Some of my adornment works are percussive and make a rustling sound when worn.
Also the minimalist music of Steve Reich,and I love the sweet  humour of Eric Satie. The Penguin Cafe Orchestra - British, I heard them live in a Greenwich cathedral when I frist came to live in London in 1990.
Also Chassidic studies, I learn on my own and am struck by  the forms of the Hebrew letters and the kabbalistic concepts around creation, light and infinity.

The last work, book, film, city that has moved me was...
A work: A South African wall sculpture "Derriere" by Walter Oltmann, like lace and pointillism in wire.

Child Skull, 2013, Aluminium wire, 180 × 172 cm by Walter Oltmann​

Book: The Hare with Amber Eyes, about Edmund de Waal's family's netsuke collection and how he discovers he has Jewish blood.
Also AB Yehoshua, I read it in Hebrew, I like the challenge to learn new words with a dictionary.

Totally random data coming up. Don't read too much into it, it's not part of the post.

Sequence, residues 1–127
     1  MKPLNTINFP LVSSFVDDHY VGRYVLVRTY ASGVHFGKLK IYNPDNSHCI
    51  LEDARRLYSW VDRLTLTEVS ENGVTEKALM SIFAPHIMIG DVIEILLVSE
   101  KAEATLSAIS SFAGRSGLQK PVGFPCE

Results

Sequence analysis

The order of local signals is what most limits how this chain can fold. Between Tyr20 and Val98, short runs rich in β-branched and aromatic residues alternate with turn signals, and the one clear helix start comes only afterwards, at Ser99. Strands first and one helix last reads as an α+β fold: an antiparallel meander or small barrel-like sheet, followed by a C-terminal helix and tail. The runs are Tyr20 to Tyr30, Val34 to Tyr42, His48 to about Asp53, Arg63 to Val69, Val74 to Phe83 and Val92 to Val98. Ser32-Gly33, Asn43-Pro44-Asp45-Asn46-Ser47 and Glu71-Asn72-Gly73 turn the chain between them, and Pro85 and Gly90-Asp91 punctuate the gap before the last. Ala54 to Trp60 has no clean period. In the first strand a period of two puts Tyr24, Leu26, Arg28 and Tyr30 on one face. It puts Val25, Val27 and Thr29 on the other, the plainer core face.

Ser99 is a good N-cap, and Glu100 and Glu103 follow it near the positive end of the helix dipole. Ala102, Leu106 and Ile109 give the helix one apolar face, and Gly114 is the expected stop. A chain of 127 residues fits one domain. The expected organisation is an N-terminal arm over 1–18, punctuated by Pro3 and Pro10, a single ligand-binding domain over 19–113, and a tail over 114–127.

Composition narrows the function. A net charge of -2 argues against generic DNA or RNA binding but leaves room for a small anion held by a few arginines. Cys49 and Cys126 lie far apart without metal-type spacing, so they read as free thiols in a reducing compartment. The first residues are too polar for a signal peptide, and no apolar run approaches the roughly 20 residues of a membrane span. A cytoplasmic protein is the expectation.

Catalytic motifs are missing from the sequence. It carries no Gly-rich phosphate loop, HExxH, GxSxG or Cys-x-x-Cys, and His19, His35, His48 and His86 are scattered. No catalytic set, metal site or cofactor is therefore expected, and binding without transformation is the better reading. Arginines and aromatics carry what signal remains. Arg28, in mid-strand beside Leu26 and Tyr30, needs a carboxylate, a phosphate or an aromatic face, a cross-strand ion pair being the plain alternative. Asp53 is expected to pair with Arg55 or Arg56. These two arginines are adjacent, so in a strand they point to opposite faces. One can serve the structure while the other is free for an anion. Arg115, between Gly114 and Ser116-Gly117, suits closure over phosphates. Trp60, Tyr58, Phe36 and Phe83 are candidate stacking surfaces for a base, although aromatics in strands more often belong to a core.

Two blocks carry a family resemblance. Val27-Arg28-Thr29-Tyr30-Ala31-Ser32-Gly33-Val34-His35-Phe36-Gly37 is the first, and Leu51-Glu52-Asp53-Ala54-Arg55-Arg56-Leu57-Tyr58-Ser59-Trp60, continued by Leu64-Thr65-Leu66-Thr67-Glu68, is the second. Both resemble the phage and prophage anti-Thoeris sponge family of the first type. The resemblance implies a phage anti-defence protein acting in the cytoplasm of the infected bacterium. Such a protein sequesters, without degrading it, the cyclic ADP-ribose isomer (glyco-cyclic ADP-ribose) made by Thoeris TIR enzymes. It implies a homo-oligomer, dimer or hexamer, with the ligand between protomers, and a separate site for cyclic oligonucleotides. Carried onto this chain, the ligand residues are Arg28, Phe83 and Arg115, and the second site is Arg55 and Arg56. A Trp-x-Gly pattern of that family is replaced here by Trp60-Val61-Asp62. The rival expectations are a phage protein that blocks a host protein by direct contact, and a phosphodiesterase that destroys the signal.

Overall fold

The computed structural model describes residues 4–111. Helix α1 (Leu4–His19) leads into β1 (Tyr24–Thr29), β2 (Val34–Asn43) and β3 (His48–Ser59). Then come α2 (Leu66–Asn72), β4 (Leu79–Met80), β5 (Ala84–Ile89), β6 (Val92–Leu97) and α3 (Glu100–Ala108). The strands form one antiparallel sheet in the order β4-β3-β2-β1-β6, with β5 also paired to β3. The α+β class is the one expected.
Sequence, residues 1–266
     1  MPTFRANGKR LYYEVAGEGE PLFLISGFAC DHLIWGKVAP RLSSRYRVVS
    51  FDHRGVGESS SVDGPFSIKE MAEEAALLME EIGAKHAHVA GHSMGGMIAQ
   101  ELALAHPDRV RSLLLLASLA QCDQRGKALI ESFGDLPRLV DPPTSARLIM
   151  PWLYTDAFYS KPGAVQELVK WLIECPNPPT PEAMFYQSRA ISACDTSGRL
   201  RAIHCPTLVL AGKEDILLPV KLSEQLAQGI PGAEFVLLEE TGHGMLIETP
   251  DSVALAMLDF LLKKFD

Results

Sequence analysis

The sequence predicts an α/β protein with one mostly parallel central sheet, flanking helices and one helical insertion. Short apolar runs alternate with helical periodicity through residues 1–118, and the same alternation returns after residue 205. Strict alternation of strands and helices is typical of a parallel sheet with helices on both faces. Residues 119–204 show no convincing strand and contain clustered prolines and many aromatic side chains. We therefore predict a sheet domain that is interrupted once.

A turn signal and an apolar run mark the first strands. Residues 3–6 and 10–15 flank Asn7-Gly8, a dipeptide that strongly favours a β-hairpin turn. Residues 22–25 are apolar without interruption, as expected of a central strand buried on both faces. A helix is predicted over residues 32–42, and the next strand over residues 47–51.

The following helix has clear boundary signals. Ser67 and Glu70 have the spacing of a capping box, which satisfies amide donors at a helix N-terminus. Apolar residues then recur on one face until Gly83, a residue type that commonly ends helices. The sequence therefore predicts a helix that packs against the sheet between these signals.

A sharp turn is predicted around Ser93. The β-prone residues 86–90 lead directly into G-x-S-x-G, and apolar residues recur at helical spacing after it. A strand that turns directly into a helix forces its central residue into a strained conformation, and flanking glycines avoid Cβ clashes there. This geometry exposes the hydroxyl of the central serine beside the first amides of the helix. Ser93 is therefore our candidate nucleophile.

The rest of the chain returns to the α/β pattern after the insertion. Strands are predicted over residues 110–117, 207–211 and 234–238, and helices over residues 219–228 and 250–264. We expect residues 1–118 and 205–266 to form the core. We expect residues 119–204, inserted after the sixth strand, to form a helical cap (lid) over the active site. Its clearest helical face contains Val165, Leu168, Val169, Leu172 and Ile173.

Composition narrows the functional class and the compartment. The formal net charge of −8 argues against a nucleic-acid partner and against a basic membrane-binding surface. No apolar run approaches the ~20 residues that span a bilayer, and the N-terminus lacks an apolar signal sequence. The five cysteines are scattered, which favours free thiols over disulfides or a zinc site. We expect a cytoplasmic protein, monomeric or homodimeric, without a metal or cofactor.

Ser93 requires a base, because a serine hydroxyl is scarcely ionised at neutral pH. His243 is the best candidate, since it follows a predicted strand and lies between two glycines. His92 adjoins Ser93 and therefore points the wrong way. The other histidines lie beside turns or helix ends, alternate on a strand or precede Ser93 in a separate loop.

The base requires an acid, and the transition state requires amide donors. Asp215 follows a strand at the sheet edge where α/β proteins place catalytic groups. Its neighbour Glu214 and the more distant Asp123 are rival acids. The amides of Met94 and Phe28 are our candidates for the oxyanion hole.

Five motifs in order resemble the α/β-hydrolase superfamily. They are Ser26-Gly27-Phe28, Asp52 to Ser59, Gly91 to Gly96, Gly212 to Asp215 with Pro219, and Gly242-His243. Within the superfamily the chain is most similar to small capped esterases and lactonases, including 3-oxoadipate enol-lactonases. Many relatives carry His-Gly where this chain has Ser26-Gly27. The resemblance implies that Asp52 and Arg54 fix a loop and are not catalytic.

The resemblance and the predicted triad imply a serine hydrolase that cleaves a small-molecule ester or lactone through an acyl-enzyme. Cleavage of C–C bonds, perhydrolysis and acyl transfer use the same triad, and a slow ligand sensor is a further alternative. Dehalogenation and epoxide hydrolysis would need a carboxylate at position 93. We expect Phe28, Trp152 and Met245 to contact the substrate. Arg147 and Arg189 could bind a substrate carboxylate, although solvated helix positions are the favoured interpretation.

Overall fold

Film: Microcosmos (1996). Claude Nuridsany and Marie Perennou, who miraculously filmed the tiny world of insects.
A city: Jerusalem, time constantly stretches and converges back to the present; and London, the big store windows at Christmas.

A place, space, country whose creativity surprises me...
Kenwood Ladies Pond on Hampstead Heath. My most sublime place on earth to swim, with its ancient fat trees and water that is like silk.

Kenwood Ladies Pond Hampstead Heath, London

Is there any designer, jeweller, artist you appreciate a lot?
History: Lalique's enamelling, Faberge’s capacity to organise his production.
Contemporary: Francesco Pavan, the large forged gold necklace of " half eggs in suspension" which I saw at Marzee Galerie. Probably the greatest work I have ever seen. I keep its postcard on my bench. The Paduan goldsmiths in general, anyway.
Peter Skubic: I read his interview. I enjoyed his honesty and lightness, like all the movement of his works.
Helen Drutt: English for her courage and faith in our art.
Ai Wei Wei: his life challenges and the sunflower seeds at Tate Modern.

What piece or work has given you the most satisfaction?
Making the armature for my most recent rhinoceros sculpture, based on a priceless South African pre-colonial gold-foil object.
Using wires extending from the tail, through the body and to the horn tip. Like vectors, expressing an aspect of the termination of apartheid.